Mich'Art is a small pottery studio and gallery located in Clarksfield, Ohio. The new building was completed in 2015, with the Grand Opening in February 2016.
Mich'Art currently has two potter's wheels, two electric kilns, and one small kiln for testing glazes. All pottery in the studio is hand crafted on a throwing wheel, one piece at a time. Three different types of clay are used to create our pieces as well as a large variety of glazes.
Stoneware is a type of ceramic ware made from a heavy clay. Stoneware is made at extremely high temperatures, similar to other ceramics like porcelain. Both materials surfaced 2,000 years ago in China, inspiring new industry. China's knowledge of firing kilns for stoneware and porcelain clay gave them the bulk of the industry. When stoneware clay is fired to maturity, it becomes a piece of ware that is popular due to its sturdy build and chip resistant exterior.
Clays used for porcelain are generally of lower plasticity and "wet" very quickly. The most common uses of porcelain are for utilitarian wares and artistic objects. It can be difficult to distinguish between stoneware and porcelain because this depends upon how the terms are defined. A useful working definition of porcelain might include a broad range of ceramic wares, including some that could be classified as a stoneware.
Low fire ceramic clays are less dense than stoneware and are of high plasticity. They fall in betweeen the range of earthenware and stoneware. These clays are easily worked on the wheel and are very forgiving.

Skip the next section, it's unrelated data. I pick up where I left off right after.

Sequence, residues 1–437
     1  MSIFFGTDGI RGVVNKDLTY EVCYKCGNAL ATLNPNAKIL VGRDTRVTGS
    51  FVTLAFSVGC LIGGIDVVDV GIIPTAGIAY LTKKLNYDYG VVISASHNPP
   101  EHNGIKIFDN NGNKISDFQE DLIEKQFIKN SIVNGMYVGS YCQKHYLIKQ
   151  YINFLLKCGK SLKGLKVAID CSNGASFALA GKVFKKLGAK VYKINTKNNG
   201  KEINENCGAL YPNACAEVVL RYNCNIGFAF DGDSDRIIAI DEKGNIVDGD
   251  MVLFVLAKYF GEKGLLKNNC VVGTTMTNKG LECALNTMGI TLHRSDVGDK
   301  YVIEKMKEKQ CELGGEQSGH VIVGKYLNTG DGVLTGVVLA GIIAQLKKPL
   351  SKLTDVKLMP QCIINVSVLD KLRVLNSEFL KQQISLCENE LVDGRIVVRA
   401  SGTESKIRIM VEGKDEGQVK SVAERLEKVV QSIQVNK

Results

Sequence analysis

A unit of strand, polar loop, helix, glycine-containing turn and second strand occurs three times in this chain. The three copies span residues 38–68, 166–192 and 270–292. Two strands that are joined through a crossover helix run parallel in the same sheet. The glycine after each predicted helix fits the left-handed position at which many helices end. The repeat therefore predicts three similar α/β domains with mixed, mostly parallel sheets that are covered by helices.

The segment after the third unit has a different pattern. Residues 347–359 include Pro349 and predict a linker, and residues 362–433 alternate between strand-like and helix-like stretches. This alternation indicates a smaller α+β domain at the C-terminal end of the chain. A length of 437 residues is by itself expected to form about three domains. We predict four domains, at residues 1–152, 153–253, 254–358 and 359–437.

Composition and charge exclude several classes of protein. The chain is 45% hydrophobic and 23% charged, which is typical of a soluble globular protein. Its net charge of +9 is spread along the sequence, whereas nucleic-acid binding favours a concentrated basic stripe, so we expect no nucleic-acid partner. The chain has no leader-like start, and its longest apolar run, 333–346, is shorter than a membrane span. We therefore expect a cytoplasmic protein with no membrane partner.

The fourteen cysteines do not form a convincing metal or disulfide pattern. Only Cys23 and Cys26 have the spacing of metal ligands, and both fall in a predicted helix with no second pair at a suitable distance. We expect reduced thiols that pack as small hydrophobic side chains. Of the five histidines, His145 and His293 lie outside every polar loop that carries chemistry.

Each piece is thrown on the potter's wheel, to the artist's desired shape/form.
Piece then sits for 24 hours and dries to a leather dry stage. This is when the carving of the foot, handles, and any other carvings are made.
The piece then sits on a drying shelf for 2-3 weeks, this is known as green ware.
If underglaze is required, it is applied on the green ware.
The pieces are then loaded into the kiln and fired at cone 04 (1,940 Degrees F) for 6-8 hours. This is called Bisque Firing.
Kiln will stay closed after firing to allow the kiln and pottery to cool. Normally 12-16 hours.
Once cool, the kiln is then unloaded.
Glazes are then applied to each piece, some are dipped, but most pieces are hand glazed using a brush.
The pieces then go back into the kiln and are fired according to the clay and/or glazes used:
-Low Fire Cone 06/05 (1,830 to 1,914 Degrees F)
-Stoneware High Fire Cone 4/6 (2,167 to 2,232 Degrees F)
-Porcelain High Fire Cone 6/10 (2,232 to 2,381 Degrees F)
Firing times will vary from 6-12 hour, and cooling times from 12-15 hours.